Carbon dioxide can then diffuse into red blood cells, where it is rapidly converted to ______ and the protons are buffered by deoxyhemoglobin.

bicarbonate

15

The acid/base status of normal arterial blood can be altered in two general ways: (a) ________, or (b) by too much or too little acid, resulting in a metabolic disturbance.

by altering PCO2 resulting in a respiratory disorder

16

The acid/base status of normal arterial blood can be altered in two general ways: (a) by altering PCO2 resulting in a respiratory disorder or (b) ______.

by too much or too little acid, resulting in a metabolic disturbance

17

Too much acid in the blood is referred to as ______, and too much base in the blood is referred to as ______.

academia; alkalemia

18

Because CO2 can be regulated by the _______ and bicarbonate can be regulated by the _______, the body will attempt to compensate for any acid-base disturbance to try and correct the pH back towards normal.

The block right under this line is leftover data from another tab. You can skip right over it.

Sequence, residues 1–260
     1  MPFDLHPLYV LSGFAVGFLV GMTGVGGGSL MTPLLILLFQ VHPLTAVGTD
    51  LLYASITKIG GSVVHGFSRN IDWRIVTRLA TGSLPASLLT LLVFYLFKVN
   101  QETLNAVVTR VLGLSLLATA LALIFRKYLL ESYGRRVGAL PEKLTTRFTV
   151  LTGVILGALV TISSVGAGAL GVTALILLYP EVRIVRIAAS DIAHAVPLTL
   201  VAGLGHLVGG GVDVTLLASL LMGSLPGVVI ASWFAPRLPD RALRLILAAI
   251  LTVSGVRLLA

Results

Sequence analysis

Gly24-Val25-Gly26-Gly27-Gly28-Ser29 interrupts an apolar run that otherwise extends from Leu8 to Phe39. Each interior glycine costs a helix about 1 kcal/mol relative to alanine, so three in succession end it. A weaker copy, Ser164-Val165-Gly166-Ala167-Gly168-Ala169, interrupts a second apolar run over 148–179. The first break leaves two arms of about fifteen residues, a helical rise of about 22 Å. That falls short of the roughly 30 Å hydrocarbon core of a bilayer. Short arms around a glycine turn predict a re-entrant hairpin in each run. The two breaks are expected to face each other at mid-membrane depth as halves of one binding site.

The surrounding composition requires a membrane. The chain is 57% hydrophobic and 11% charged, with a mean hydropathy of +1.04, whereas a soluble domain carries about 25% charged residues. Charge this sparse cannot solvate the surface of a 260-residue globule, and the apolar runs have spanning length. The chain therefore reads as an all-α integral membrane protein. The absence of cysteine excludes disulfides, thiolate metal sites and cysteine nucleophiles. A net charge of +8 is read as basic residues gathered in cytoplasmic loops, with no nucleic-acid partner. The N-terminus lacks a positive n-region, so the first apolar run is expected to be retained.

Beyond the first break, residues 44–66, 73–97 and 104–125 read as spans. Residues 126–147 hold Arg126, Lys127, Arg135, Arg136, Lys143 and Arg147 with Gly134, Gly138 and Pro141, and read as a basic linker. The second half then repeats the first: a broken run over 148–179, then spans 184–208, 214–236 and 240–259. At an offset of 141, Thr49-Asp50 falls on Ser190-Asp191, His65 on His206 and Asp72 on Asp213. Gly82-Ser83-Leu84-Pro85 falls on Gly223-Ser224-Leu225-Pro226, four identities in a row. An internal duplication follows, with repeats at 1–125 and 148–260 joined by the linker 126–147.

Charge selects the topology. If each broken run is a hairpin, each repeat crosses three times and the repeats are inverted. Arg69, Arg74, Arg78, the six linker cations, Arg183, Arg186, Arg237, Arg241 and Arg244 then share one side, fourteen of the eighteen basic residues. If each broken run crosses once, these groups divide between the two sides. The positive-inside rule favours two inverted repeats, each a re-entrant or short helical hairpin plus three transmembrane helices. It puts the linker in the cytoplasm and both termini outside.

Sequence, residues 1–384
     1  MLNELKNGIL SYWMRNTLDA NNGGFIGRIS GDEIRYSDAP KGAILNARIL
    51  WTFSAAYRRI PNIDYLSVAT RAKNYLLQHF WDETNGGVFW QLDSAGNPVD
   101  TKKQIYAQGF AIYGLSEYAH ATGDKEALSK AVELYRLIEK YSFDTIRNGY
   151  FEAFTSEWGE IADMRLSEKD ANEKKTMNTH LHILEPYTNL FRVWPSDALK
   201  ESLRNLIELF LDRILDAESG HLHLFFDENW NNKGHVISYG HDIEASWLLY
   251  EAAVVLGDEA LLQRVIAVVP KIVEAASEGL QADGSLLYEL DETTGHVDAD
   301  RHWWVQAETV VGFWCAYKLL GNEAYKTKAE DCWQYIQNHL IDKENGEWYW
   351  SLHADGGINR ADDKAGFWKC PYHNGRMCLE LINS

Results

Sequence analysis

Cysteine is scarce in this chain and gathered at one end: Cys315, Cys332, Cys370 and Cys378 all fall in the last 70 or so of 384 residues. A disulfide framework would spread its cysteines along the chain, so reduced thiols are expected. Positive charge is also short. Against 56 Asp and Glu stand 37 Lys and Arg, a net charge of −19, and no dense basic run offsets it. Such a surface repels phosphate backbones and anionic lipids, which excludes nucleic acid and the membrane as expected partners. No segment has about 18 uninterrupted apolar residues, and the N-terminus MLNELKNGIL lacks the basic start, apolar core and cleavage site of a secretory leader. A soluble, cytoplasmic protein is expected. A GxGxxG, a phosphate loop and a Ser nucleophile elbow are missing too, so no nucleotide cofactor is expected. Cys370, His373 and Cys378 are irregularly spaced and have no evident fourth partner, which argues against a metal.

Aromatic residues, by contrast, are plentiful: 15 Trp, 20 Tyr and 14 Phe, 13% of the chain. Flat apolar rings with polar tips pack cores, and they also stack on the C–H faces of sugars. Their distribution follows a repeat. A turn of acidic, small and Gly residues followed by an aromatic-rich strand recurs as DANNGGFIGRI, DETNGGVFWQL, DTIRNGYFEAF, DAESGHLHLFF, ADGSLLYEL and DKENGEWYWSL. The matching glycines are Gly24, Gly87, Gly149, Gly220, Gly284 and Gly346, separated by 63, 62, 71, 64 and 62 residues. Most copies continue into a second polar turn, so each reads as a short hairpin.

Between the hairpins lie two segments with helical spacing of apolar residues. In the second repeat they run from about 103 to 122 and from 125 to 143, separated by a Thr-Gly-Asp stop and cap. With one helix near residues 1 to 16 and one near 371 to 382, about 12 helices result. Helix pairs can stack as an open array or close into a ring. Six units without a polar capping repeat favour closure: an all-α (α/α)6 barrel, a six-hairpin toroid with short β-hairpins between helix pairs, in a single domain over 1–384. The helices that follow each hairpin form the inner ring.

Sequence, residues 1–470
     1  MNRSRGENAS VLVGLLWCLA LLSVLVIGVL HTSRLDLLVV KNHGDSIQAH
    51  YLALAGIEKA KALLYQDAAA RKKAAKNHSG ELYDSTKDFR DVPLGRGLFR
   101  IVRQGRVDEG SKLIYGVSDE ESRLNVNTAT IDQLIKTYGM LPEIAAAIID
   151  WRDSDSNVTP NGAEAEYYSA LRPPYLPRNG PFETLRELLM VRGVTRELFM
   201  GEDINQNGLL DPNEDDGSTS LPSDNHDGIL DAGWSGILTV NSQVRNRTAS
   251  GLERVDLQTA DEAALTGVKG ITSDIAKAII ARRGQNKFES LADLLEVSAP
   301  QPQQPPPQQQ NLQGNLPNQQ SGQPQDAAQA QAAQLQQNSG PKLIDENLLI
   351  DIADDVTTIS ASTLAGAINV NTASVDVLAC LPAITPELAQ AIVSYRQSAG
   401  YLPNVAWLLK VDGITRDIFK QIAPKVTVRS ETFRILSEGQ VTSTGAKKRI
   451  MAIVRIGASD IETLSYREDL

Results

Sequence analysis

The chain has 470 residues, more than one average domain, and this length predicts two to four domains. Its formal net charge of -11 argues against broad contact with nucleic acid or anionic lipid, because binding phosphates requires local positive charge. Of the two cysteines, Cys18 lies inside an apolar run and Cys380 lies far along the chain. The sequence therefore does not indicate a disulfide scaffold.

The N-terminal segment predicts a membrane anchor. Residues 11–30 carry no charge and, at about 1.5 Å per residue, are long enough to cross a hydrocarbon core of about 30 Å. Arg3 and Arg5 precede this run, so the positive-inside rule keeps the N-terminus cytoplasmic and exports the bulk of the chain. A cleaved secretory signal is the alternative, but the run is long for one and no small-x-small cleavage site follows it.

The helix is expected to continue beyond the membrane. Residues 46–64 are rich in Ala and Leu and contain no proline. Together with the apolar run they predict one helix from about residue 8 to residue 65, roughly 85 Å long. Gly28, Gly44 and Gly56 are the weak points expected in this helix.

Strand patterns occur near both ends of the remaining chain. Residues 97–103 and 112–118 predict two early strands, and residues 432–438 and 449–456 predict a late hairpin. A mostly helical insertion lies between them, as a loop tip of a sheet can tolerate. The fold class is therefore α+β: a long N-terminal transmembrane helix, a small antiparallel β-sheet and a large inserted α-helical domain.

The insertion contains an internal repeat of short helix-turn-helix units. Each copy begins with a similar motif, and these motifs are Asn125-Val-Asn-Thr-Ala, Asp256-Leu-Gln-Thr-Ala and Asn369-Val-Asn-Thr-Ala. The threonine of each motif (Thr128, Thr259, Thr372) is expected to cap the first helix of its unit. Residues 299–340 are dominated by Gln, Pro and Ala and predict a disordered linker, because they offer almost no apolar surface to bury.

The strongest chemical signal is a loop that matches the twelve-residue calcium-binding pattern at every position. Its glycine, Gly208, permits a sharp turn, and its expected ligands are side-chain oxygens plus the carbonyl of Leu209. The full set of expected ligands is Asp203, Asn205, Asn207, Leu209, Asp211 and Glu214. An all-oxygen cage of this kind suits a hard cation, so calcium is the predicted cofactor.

lungs; kidneys

19

What is respiratory acidosis?

an increase in arterial PCO2, leading to a decrease in pH

20

This is an increase in arterial PCO2, leading to a decrease in pH.

respiratory acidosis

21

What can lead to chronic respiratory failure?

  1. emphysema
  2. chronic bronchitis (COPD)
  3. bronchiectasis
  4. Central hypoventilation disorders (obesity hypoventilation)
  5. neuromuscular diseases (e.g. ALS, AKA Lou Gehrig’s disease)

22

What causes acute respiratory failure?

1. drugs (opiates, benzos, EtOH) 2. muscle fatigue

23

Which compensatory mechanism is slow, taking 2-3 days to complete?

bicarbonate conservation in the kidneys